Advising the wealthy retiree

By Eileen Chadnick | April 23, 2010 | Last updated on April 23, 2010
3 min read

I recently had some interesting conversations about retirement with affluent boomers who were vacationing at the same resort I was visiting. I suspected they might be HNW when one talked about arriving in his own plane and another proclaimed this her fourth visit to the pricey destination this year.

Here are a few comments from these folks, who varied in age and stage of life. Some were leading up to, and others were already within, retirement:

  • “I have no idea what I’ll do and can’t imagine not working.”
  • “After I retire from this career, I might start a new business.”
  • “When my father retired he had tons of money but nothing to do. He drove us all crazy. I definitely don’t want that kind of retirement.”

That last comment reminds me of a conversation I had with a CFP about a recently retired HNW client who didn’t have a life plan, and became so bored he started to call incessantly about his investments. Boredom’s a real problem because it can turn a HNW client into a high-maintenance client.

Next year, the first baby boomers will reach the traditional retirement age of 65. Many boomers intrinsically know they don’t want the old version of retirement, but haven’t clarified what their new version will look like. So prompting clients to reflect more meaningfully on life stage possibilities can better serve the financial planning relationship.

Imagine a HNW client who decides his retirement career will involve buying into a business or starting a new one. A life and career coach can draw out this meaningful dream and help the client actualize his goal. But without the financial planning alignment, the client faces enormous risk and will need advice associated with retirement savings, tax, estate planning, insurance needs — and more.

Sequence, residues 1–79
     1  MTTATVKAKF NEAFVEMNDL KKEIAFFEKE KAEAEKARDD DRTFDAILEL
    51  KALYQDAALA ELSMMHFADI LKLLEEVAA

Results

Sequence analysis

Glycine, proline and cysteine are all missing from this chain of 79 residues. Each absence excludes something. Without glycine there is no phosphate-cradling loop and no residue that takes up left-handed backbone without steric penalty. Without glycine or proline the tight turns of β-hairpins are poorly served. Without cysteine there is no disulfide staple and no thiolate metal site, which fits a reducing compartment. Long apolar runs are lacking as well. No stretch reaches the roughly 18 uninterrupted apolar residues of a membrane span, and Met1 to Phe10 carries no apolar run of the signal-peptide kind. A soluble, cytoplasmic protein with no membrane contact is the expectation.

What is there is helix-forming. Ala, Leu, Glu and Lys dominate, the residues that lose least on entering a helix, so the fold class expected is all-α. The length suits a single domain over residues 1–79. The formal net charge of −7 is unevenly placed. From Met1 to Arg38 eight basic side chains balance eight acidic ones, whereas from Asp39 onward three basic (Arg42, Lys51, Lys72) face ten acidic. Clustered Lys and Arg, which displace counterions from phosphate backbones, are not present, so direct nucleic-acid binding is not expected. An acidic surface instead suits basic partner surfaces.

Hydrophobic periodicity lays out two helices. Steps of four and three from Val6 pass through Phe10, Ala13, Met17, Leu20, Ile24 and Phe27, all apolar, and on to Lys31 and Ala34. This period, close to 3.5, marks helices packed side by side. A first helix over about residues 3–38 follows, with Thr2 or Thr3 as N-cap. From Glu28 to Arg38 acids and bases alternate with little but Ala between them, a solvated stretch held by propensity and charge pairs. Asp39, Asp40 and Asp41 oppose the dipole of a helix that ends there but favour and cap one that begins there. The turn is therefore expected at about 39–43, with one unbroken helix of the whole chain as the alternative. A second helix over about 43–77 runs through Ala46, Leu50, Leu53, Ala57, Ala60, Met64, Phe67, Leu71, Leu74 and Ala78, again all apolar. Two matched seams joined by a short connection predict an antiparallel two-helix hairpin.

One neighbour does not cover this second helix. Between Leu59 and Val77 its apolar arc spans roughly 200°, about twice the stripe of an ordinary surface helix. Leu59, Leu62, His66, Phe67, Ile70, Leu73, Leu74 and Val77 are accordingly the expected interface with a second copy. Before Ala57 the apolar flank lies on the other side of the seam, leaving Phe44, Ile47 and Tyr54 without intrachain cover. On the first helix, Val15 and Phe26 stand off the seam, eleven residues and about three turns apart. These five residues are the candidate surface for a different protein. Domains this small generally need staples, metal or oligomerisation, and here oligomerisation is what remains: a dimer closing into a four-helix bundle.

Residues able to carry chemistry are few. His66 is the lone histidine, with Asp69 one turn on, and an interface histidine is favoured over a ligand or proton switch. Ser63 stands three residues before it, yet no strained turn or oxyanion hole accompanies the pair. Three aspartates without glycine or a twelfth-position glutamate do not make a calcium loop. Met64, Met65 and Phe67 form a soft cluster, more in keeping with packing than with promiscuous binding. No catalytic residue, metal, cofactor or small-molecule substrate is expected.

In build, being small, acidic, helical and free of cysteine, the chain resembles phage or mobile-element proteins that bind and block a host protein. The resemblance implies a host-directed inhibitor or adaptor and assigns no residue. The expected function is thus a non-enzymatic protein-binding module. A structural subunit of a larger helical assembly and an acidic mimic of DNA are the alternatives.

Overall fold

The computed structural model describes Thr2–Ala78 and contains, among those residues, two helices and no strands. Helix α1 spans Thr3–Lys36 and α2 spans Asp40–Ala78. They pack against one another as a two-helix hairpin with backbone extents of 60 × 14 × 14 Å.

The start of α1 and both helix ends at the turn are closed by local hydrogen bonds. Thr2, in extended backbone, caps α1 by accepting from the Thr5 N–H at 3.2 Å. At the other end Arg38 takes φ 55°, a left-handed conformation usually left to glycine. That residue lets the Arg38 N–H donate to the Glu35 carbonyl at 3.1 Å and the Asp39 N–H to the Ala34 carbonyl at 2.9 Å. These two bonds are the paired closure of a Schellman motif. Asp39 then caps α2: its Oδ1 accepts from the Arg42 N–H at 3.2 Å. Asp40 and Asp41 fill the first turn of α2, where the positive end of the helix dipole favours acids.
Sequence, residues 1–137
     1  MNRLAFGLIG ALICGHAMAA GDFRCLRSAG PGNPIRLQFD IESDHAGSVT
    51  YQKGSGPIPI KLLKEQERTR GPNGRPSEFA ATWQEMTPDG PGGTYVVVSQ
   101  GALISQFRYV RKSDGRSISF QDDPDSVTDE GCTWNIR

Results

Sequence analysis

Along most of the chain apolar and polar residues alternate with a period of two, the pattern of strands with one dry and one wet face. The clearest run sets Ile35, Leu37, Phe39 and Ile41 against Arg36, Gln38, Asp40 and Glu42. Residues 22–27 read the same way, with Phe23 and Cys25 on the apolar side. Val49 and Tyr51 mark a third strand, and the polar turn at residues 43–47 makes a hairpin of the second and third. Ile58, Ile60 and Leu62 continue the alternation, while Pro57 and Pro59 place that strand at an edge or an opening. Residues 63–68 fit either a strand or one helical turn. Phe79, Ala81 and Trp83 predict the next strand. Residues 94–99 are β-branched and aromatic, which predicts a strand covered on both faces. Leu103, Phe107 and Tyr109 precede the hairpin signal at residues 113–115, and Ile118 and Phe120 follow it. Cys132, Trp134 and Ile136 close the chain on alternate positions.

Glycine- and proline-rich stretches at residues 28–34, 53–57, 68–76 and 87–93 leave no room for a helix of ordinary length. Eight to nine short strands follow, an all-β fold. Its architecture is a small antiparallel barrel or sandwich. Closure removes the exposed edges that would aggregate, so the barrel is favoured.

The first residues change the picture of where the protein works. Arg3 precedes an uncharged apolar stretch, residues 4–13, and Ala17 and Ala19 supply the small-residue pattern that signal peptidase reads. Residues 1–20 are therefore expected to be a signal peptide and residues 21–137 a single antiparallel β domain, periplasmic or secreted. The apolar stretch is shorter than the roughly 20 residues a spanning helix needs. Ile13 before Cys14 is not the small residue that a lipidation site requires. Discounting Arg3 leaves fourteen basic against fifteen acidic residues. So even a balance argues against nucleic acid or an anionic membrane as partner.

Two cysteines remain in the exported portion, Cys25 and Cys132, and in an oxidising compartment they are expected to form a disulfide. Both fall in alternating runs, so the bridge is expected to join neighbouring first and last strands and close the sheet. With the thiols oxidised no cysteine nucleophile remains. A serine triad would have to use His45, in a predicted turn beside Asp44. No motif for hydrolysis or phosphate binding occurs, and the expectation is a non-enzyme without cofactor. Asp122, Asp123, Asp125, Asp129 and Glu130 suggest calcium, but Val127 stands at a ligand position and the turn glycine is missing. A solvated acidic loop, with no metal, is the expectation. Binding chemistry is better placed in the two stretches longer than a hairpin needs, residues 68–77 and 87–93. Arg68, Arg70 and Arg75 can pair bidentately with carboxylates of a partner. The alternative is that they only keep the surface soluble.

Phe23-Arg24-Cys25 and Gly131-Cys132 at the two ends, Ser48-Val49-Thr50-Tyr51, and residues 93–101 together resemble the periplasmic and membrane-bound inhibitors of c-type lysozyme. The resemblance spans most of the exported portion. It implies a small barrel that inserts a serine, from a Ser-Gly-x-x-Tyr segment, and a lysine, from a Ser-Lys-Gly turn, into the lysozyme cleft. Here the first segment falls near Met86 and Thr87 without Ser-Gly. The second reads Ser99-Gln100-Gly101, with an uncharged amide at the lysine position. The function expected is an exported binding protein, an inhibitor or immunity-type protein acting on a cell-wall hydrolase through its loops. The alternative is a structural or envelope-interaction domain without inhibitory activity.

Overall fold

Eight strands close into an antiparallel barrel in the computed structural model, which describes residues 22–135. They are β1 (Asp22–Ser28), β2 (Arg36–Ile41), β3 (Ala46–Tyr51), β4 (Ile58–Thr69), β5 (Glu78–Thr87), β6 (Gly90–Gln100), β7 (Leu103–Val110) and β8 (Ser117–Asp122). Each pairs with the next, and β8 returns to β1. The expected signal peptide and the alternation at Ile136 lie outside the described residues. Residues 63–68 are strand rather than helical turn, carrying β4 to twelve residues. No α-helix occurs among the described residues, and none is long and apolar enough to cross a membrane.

Similarly, financial planning without life planning can be equally risky. Time is money, so start the process of reflection and planning early. And count on lots of transition—many boomers will test-drive various retirement life options in the early stages. Here are some key techniques:

  • Challenge old assumptions: People used to work, and then retire. Today, clients may extend their accumulator years, which buys more time to save and pay down debt. But others will choose paths that extend their debt years by having late-life kids, starting businesses, or buying dream homes.

  • Ask new questions: The standard “How much will you need in retirement?” will always be important, but it’s no longer sufficient when life choices make it difficult to answer. The new retirement calls for new questions: “How long will you work? What kind of retraining will you do? If you stop working, what will keep you engaged?” These “what if” questions help advisors with both life and risk planning.
  • Develop coaching skills: In addition to questions that cover practical matters, ask questions that prompt deeper reflection: “Who will you be when you no longer own this business?” People who retire without ample life planning risk identity crisis, boredom and even depression.
  • Expand your network: Some clients may need a professional life coach who provides thorough exploration and support. Consider affiliating with these professionals.
  • Rethink and redefine: The “unretirement” landscape is just beginning to unfold. So the question is: are you ready to help your clients clarify their vision, and are you ready to contemplate your own?

  • Eileen Chadnick, PCC, ACPC, principal of Big Cheese Coaching and a certified life, work and retirement options coach. Learn more at and

    Eileen Chadnick